Film Review : Nil Nirjane


I’ve watched a hell lot of regional films. Somehow, Bengali films never appeared on my list. I do wonder why? May be, if I were a mass communication student, I would have been introduced to Satyajit Ray or Ritwik Ghatak cinema earlier on. Never Mind!

I saw a post on a social media platform about a Bengali film “Nil Nirjane” that scrapes the surface on lesbian romance. I have seen over 50 gay films in my lifetime, but was surprised that an Indian film by this name even existed. India is starved for films on lesbian relationships. Fire and Sancharram is all Indian cinema has had to offer. Until Dedh Ishqiya hit screens in 2014 and provided a ray of sunshine. And please, do not tell me, Girlfriend was a gay film. It was nothing but titillation for the frustrated front rows.

So, I immediately decided to watch Nil Nirjane. For the record, Nil Nirjane is now the first Bengali film I ever saw. Yes! Shocking, it’s not Pather Panchali or Meghe Dhaka Tara.


Nil Nirjane (or Vacation Blues) is set in a resort on the outskirts of Kolkata. Six individuals – Aman and Jaya (a couple), Mou and her father and Reshmi and her mother are vacationing in the resort. They are later joined by Kolkata rock band – Cactus (playing themselves), here to shoot a music video. Aman and Jaya are madly in love but want to break up because they feel their relationship will not head anywhere. A gay romance blossoms between Mou and Reshmi, two 18 year old, exploring friendship and sexuality. Rock band, Cactus provides the musical relief in the film.

Director: Subrata Sen
Cast: Raima Sen, Mou Sultana, Ayan Mitra, June Malliah, Moonmoon Sen, Rajatabha Datta and Cactus Band

*Warning Contains Spoilers*

Aman and Jaya is a confused pair. They want to break up. So, they come to a resort to enjoy their last time of togetherness. However, they end up making a pact to commit suicide because they can’t live without each other. Duh! Then why break up?

On the other hand, relationship between Mou and Reshmi (played by Mou Sultana and Raima Sen) is rather novel. But bound by limited screen time, their relationship is hurried and the characters appear sketchy and under developed. For example, within two scenes of getting to know each other, Mou talks about two rivers with names of women (Kumari and Kansavati) meeting and mating. She interlinks, two women can make love and she feels like a river once in a while. SERIOUSLY???

Chemistry between the girls is okay. Nil Nirjane is the Bengali debut for both actresses and the rawness in their performance is visible. As for girl-on-girl action, director Subrata Sen keeps it to the minimum with mere pecking. Unjust, as he doesn’t hesitate to film a passionate lip lock between straight couple – Aman and Jaya.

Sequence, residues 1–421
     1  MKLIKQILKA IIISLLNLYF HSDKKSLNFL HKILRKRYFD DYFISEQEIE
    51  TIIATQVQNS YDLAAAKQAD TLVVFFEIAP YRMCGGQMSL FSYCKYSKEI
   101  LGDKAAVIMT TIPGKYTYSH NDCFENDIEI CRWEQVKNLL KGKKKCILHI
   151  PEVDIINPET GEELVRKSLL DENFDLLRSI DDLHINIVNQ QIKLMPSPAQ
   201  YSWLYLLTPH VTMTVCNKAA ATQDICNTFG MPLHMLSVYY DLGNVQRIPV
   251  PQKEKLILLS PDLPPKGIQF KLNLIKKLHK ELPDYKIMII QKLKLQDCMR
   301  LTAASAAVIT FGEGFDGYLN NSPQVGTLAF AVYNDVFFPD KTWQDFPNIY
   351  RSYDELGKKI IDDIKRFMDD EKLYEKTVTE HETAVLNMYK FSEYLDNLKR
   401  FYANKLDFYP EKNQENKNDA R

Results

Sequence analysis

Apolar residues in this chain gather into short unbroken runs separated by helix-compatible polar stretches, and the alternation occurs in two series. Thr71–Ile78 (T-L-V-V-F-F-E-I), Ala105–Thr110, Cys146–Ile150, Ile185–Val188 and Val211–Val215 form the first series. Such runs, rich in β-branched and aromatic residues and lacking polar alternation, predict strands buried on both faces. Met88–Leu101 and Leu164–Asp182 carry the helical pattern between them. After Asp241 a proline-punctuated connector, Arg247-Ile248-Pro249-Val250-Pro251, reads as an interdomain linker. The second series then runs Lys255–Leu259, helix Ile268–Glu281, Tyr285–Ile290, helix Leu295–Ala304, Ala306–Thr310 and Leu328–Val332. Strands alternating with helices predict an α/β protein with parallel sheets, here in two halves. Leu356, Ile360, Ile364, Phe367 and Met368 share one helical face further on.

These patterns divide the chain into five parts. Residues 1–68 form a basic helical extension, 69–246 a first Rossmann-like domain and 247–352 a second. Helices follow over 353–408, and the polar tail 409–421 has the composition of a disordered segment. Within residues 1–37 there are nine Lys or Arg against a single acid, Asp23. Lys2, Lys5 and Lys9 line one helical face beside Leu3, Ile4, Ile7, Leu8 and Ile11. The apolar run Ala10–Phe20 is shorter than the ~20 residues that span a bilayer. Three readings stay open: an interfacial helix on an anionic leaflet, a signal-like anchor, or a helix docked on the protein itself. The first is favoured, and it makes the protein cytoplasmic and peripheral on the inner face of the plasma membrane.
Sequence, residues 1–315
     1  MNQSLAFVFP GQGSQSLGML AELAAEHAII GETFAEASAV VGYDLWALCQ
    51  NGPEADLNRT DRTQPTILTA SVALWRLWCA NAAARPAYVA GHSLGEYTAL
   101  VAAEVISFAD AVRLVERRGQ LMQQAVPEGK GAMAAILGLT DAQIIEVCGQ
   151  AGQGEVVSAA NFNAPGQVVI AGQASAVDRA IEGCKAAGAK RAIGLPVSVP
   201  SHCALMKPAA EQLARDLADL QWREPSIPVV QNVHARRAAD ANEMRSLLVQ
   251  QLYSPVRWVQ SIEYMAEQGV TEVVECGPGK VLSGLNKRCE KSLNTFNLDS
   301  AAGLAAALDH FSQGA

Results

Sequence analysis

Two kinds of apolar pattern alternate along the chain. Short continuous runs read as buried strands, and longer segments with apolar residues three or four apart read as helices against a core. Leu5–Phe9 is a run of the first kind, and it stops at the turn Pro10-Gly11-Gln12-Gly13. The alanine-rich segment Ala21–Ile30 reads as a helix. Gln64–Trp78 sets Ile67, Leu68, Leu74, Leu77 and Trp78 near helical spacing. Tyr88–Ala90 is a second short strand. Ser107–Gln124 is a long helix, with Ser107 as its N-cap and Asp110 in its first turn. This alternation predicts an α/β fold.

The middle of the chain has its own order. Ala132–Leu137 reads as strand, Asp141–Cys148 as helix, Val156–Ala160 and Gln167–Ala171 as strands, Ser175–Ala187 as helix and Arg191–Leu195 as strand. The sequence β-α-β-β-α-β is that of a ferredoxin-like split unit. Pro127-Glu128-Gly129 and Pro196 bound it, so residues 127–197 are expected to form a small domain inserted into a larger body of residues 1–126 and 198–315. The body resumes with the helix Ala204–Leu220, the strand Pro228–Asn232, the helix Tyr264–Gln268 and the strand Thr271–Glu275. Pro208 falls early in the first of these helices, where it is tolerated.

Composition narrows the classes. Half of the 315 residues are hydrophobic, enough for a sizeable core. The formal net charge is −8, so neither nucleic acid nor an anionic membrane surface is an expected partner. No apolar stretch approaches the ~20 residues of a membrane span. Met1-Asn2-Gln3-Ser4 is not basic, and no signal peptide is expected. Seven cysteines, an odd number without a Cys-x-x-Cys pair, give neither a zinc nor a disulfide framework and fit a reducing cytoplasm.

It seems like Subrata Sen had a strategy similar to Ekta Kapoor’s – making a low budget film that sells sex. But, I’m okay with it because it’s tastefully done. Besides, he tries to bring to the fore issues like homosexuality, premarital sex and unwed single mother taboo. For a 2003 release, Nil Nirjane is bold and brave and breaks away from social norms. Take a bow, Mr. Director!

I particularly found the scene interesting where Mou is restless because Reshmi gate-crashed into a late night jam session of Cactus. Her possessiveness seems to stem from two reasons – a) She’s probably seen the world more than Reshmi, b) she’s more aware of herself and her feelings than Reshmi. One of the more impactful scenes in the film, but I wish it was acted with more conviction. I also like that the conclusion to Mou and Reshmi’s story is left open to interpretation. If you ask me, Mou and Reshmi are young and were simply exploring their sexuality. Their relationship may or may not have lasted long.

I must mention, Nil Nirjane is an important film as it was India’s first film to be shot on a digital platform. This, kind of, paved the way for a new technique of film making in the country. Wonder why Nil Nirjane was never spoken of or given enough credit publicly for the same.

Nil Nirjane may not be a perfect film but it’s worth a watch. Perhaps, because it is India’s first digital feature film. And, because it is among the few Indian films that explores teenage lesbian romance. The film is available online with English subtitles on a popular video sharing channel. Give it a shot!

Now, if you please excuse me? I must go watch Pather Panchali and Meghe Dhaka Tara before I am pelted stones at, for not having watched these textbook classics yet!

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A blogger and an avid movie watcher. Not classics, she apparently has a thing for obscure films. This has led her to watch movies from across the world which not many have heard of. She also extensively blogs about Travel, Food, Mumbai City and Arts & Theatre on her website.
Edwina Dsouza

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